*Like the evil, all-powerful Anthony from the “It’s a Good Life” episode of the Twilight Zone, this is contingent on you only thinking good thoughts about the Yankees. He is the gatekeeper, after all.

Hank Steinbrenner Bloviates—11 AM-12 PM

With smoke coming out his his ears, nose, mouth and eyes—some of it cigarette related, some not; as well as imparting of baseball knowledge and irrational demands reminiscent of his late father emanating from his behind amid more smoke, Hank Steinbrenner asks, no, demands that you watch. And don’t change that channel.

The Daily National Anthem with Haley Swindal—12 PM-1 PM

You’re a patriot, aren’t you? Well, then you must enjoy Haley Swindal singing multiple renditions of The Star Spangled Banner and God Bless America, followed by stories about the adventures she’s experienced traveling around the world…singing The Star Spangled Banner and God Bless America. It’s a travel show unlike any you’ve ever seen!!

Mike’s On Simulcast—the Mike Francesa Show on WFAN 1 PM-6:30 PM (6 PM in-season)

A better Yankees apologist not officially working for YES you’ll never find. Francesa doesn’t bother with the inconveniences of journalism by deciding to interview or question the likes of Yankees GM Brian Cashman or manager Joe Girardi, he interacts with them providing insight and advice on players from Brandon Inge to Nate McLouth.

Of course Hiroki Kuroda’s going to take a 1-year deal to return to the Yankees!!! Of course he is!!! He prefers the West Coast? But don’t you wanna be a YANKEE?!?!

Watch Francesa drink endless buckets of Diet Coke, rant against the Mets with a faux passion diabolically disguised by raving, incomprehensible lunacy; see him cut Rex Ryan and the Jets down to size better than liposuction and stomach stapling; listen as he makes a difference (because it affected him) with LIPA.

And don’t you ever forget that Darrelle Revis committed pass interference on the doctor when he had knee surgery too.

During the baseball season

Yankees Pregame with Bob Lorenz, Nancy Newman and “analysts”—6 PM-7PM

If you’re looking for validation as to why the Yankees are the greatest thing ever-ever and will never lose but will only run out of innings, the search is over. The team of experts will provide you with a Machiavellian justification to explain away any lingering doubts that the Yankees might not actually be the only team to win a World Series in baseball history.

From April to late October (guaranteed)—Yankees Baseball 7 PM-10 PM

Yankees baseball from start to finish with zero objectivity and intelligent baseball wisdom delivered by the endless stream of broadcasters Michael Kay, Ken Singleton, David Cone, John Flaherty, Al Leiter, Mel Allen, Phil Rizzuto, Suzyn Waldman, Dwight Gooden, Mel Hall, Frank Messer, Denver Wieland, Kyle Hanratty, Dugan McPhasenot, Bell Corling, Deafness Matriculation and the rest of the crew!!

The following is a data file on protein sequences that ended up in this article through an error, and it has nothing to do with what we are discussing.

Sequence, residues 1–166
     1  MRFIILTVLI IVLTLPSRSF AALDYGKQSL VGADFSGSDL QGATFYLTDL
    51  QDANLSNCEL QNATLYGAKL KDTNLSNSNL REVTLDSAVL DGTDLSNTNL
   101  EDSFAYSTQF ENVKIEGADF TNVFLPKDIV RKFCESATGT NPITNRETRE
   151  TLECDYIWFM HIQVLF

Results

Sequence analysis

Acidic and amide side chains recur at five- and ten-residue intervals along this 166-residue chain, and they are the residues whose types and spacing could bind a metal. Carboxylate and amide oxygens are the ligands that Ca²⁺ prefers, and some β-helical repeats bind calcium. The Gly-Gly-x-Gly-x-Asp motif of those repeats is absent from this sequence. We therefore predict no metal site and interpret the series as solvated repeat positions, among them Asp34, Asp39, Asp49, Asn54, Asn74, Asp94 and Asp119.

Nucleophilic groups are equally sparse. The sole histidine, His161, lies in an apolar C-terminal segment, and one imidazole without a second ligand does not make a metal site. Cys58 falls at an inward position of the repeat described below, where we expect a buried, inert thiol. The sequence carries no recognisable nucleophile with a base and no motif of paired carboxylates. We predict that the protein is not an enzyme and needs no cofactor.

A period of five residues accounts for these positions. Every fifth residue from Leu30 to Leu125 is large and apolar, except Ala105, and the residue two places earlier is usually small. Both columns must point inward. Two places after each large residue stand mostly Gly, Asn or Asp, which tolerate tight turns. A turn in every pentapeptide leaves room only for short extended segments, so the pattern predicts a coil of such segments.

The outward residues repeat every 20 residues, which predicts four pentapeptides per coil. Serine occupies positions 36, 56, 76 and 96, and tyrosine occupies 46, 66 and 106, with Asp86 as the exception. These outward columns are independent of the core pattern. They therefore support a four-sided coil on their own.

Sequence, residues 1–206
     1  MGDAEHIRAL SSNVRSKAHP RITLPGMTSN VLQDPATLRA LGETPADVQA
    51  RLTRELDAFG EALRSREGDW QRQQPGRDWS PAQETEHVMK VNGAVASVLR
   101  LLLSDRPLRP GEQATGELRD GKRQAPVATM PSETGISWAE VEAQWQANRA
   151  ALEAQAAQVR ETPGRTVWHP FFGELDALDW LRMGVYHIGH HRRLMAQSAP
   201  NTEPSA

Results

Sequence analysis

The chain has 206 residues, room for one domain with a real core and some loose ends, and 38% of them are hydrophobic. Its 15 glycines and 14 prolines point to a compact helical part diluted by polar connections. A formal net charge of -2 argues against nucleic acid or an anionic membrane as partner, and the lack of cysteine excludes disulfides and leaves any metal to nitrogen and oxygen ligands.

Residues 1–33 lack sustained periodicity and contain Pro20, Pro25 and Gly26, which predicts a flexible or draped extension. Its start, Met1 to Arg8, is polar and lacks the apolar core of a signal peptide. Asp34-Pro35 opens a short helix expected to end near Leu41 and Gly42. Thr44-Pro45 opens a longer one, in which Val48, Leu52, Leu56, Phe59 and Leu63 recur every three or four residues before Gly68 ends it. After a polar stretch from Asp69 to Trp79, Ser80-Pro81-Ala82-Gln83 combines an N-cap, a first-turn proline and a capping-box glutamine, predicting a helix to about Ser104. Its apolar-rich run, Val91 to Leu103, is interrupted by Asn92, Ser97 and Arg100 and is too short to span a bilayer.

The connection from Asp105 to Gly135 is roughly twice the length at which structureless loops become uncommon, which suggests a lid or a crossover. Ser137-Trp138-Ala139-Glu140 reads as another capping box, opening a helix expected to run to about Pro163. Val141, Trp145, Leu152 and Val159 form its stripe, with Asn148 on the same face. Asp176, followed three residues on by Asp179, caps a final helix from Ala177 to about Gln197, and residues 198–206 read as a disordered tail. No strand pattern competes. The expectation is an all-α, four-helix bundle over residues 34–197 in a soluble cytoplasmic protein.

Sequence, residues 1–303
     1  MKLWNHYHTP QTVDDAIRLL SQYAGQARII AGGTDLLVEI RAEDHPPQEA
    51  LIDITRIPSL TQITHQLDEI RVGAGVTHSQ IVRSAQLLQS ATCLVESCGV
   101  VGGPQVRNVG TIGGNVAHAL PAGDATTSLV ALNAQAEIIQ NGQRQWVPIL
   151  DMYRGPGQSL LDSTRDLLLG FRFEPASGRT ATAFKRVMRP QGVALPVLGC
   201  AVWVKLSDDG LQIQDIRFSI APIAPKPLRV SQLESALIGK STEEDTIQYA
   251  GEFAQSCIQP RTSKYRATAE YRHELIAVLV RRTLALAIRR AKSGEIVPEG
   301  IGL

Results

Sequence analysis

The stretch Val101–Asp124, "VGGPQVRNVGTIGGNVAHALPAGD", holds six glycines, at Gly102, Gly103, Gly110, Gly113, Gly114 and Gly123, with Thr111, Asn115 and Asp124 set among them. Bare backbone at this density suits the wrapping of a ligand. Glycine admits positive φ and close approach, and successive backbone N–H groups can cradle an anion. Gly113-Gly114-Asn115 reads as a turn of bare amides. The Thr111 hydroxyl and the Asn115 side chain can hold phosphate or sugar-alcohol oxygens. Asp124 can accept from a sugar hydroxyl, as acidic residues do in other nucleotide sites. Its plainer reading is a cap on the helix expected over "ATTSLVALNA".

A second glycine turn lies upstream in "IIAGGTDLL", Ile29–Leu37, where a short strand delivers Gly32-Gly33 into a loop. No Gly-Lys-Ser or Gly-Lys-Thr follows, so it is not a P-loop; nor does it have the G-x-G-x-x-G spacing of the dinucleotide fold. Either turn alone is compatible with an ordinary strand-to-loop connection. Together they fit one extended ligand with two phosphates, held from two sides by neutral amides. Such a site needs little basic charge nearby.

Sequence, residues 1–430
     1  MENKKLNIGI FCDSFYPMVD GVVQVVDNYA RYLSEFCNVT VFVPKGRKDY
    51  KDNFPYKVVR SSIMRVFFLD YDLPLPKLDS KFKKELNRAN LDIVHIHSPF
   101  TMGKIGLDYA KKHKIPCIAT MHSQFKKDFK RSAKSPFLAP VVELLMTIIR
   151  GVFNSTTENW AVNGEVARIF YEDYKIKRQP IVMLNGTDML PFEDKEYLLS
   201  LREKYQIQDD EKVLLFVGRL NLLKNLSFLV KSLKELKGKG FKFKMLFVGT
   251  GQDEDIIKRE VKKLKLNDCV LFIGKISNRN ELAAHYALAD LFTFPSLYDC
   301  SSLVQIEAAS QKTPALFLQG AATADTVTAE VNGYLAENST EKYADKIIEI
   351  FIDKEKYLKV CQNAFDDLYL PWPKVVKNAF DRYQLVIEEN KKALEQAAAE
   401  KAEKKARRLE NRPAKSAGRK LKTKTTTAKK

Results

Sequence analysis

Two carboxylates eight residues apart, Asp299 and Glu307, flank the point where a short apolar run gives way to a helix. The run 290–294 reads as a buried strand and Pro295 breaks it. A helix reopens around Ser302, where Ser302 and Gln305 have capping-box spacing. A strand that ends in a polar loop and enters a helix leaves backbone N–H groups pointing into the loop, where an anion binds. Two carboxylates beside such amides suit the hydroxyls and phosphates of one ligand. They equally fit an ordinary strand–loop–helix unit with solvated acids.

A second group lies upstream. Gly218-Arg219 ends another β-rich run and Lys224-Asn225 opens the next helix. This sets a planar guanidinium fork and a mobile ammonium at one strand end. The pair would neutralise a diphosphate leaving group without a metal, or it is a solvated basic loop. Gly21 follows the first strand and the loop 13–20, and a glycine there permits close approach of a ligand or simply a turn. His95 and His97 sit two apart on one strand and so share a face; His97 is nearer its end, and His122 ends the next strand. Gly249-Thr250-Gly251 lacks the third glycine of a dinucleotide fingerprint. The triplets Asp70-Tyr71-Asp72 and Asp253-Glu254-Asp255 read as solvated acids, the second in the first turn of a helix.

The Yankees Post-Game Show with Bob Lorenz

Detailed analysis of each game from how the opposing team wilted at the mere sight of the pinstripes and the all-encompassing nature of the Yankees aura, or explanations why the Yankees should have won and, in fact, did win even if they lost in that inconvenient “reality” of a completed game.

During the off-season

The Kay Factor—8 PM-9 PM

If you enjoy Michael Kay on CenterStage, you’ll certainly enjoy him in an edgier version of the previous incarnations of his show. Resplendent in leather, Kay will take the Mets to the woodshed; he’ll jab his finger in your face; he’ll threaten to punch Phil Mushnick!! With guests such as Joel Sherman, Dick Morris, Karl Rove, and Richard Gere(?), join Michael for a hard-hitting hour of sports news that’s sure to whet your appetite for chicken parm!

Curry—9 PM-10 PM

Don’t you dare question Jack Curry’s journalistic credibility. He’ll get the story from the PR department of the same organization for which he works and then throw a tantrum if ESPN reports it as well. Prepare to be Re-Tweeted and called a clown for an hour each weeknight if you’re not onboard the unstoppable Curry train!! It’s like Sean Hannity, only with less rationality and more self-indulgent tantrums.

Cash—10 PM-11 PM

Brian Cashman’s entire world is opened up for all to see. From the “obvious process” that goes into any and all decisions, to the “Big Hairy Monsters,” to the pitching development, to the trades, he’ll take you from Carl Pavano to Pedro Feliciano, from Joe Torre to Joe Girardi, from the Joba Rules to his exhilarating nightlife.

Prepare to be stalked with internal baseball knowledge (among other things) from a guy who works hard and plays hard!

The Randy Levine Revue—11 PM-Midnight

One part Dr. Phil, one part Oprah, one part Jim Henson, and one part Frank Caliendo, Randy Levine informs and entertains! With such guests as Rudy Giuliani, a puppet version of Torre in which Randy retorts in a different way each to night to Torre telling him to “Shut the bleep up!”, along with singing and dancing, Randy’s as talented as he is versatile.

If you thought the YES Network was the go-to place before with George Steinbrenner’s looming presence, you have no idea what’s coming. Prepare for the reckoning with Fox News and the YES Network joined together. You’ve always compared them. Now they are one. It had to happen. And finally, it is.

We all win.